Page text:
The publication Baza, citing its sources, wrote that Navalny became ill at about 13:00 local time (that is, around 11:00 Moscow time), and he died at 14:17 local time. But, as Radio Liberty journalist Sergei Nemalevich noted, Navalny himself, after being transferred to the colony in Kharp, said that walks in the punishment cell begin at 6:30 in the morning - this means that with such a timing, Navalny could not get sick after the walk.

Likewise, there were reports of two unscheduled flights arriving at the prison the same day, fuelling speculation that the Kremlin has sent its own medical staff to perform the autopsy.

According to reports by the opposition media, citing a prison worker who has seen Navalny’s body in the morgue, his body bears bruises that were presumed to be from guarding holding him down during convulsions. There were also bruises on his chest, presumed to be from prison doctors performing cardiopulmonary resuscitation.

Mediazona managed to track the FSIN motorcade at the ice crossing across the Ob on the way to Salekhard on the night of February 17. The crossing is the only way to the capital of the Yamalo-Nenets Autonomous Okrug not only from special regime colony No. 3 in the village of Kharp, but also from the city of Labytnangi, so the situation there is broadcast online by public web cameras. It is very likely that the unusual motorcade was transporting the body of the main Russian opposition leader Alexei Navalny, and keeping it away from his family. 

This means that the body was already in Salekhard the night before his mother Lyudmila and the lawyers arrived there. “We don’t know where the politician’s body could have been taken after the crossing, but it is obvious that it was deliberately hidden from his relatives,” writes Mediazona.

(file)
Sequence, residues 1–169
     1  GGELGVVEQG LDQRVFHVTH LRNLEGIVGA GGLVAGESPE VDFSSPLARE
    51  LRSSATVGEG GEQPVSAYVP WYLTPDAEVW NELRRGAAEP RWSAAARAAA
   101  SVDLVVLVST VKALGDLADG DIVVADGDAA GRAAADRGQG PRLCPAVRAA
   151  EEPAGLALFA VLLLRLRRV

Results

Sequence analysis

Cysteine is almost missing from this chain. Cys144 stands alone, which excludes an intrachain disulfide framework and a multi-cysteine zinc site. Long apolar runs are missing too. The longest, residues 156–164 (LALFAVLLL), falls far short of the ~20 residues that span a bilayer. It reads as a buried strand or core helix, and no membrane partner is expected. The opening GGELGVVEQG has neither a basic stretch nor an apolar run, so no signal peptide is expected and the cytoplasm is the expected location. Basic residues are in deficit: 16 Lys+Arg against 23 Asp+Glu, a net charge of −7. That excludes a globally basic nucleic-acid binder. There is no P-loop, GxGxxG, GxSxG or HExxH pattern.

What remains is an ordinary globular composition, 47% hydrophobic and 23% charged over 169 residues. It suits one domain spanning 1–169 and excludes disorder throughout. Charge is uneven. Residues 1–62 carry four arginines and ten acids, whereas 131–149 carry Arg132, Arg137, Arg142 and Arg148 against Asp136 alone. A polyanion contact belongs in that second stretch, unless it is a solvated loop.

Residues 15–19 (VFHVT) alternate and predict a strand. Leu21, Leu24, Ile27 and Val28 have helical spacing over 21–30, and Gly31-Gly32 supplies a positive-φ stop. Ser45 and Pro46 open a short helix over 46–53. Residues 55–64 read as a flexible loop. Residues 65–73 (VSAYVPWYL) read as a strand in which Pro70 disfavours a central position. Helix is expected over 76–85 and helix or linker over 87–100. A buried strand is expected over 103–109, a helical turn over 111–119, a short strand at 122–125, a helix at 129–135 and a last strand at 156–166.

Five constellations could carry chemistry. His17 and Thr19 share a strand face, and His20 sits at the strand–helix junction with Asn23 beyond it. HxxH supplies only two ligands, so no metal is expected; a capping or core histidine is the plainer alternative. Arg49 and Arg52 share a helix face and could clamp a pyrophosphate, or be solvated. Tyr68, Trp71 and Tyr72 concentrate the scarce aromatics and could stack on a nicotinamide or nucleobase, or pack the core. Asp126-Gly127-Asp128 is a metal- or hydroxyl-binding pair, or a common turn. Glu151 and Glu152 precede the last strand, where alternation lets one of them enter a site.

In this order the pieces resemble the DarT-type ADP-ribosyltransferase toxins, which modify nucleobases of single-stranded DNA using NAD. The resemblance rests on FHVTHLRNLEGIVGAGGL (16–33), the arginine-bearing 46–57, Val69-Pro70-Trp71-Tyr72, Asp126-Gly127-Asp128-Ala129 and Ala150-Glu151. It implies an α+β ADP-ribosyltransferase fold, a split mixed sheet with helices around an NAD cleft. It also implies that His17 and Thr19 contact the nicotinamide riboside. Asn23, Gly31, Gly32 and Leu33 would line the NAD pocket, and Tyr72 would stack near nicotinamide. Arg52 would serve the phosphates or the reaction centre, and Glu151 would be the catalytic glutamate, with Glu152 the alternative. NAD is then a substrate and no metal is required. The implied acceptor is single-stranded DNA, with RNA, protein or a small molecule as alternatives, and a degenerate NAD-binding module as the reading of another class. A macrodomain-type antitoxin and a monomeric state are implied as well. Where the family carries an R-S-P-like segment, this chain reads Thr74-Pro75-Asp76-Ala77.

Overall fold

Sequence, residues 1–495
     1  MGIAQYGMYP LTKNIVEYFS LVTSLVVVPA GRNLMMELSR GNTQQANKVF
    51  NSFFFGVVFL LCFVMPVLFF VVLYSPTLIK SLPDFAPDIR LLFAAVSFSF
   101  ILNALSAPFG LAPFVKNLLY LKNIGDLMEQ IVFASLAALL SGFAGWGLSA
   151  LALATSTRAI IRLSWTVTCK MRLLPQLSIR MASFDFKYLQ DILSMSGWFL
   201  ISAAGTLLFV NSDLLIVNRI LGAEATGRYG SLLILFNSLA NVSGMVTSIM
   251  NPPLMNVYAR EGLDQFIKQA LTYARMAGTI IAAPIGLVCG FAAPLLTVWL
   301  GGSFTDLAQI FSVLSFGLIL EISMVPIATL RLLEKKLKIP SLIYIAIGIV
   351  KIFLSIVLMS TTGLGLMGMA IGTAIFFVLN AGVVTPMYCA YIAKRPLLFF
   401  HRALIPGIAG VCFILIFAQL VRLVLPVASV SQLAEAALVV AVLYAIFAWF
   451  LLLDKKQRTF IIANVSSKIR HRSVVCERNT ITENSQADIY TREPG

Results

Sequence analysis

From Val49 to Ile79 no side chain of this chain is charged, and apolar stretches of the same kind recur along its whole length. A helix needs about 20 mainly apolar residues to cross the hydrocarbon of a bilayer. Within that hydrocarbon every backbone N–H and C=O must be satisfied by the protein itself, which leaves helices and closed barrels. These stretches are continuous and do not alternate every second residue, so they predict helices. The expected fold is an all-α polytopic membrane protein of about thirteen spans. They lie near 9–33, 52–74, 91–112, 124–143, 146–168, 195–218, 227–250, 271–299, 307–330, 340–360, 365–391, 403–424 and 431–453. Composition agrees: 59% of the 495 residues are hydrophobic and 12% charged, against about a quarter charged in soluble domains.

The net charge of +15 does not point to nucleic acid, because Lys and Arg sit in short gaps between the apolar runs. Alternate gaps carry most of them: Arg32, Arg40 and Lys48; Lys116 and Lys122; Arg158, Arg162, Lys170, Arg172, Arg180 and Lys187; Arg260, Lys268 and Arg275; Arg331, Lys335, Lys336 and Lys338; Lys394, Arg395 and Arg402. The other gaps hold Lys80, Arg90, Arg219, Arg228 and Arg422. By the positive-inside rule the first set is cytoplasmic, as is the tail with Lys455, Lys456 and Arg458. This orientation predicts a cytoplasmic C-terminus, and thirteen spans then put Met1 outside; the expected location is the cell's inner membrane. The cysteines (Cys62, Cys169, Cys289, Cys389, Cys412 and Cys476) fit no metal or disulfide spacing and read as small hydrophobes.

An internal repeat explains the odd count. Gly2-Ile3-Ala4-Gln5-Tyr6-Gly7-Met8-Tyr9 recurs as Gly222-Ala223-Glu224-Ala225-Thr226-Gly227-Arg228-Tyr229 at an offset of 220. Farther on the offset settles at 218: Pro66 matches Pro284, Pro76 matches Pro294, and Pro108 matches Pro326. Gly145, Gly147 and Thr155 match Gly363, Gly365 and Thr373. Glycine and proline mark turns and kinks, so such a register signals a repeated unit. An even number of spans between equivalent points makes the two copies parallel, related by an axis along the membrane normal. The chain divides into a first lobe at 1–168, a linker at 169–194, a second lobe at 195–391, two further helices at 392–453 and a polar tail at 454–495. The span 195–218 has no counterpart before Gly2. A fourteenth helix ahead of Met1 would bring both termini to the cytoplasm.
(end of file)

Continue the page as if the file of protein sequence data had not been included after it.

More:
Navalny’s body was transported not to the forensic medical examination bureau, but to the morgue of the Salekhard district clinical hospital. “They took me to the morgue, brought me in, and then two police officers stood in front of the door. “Something mysterious is going on here,” the resource quotes a local ambulance officer, reports The Bell. 

According to the newspaper, as of Saturday no autopsy had been performed, and all decisions and communications were taken over by representatives of the central apparatus of the Investigative Committee and the Federal Penitentiary Service who arrived from Moscow. 

Putin murdered Navalny

The commentary that has followed the announcement of his death has universally blamed Russian President Vladimir Putin for the death, either directly ordering it, or at least pointing out that even if Navalny died of natural causes, Putin is responsible for the death by jailing a leading political opponent and holding him in harsh conditions.

“What makes this so suspicious is the nature of the death is so similar to what happened to him on the plane in Siberia [in August 2021 when he was first poisoned with Novichok],” a diplomat told bne IntelliNews on the sidelines of the Munich Security Conference the next day when the news was announced. “He suddenly collapsed again and lost consciousness after apparently being fine. If this was a deliberate murder then it was designed to send a clear message to all the opposition ahead of the [March presidential] elections warning them what will happen to them if they oppose the Kremlin.”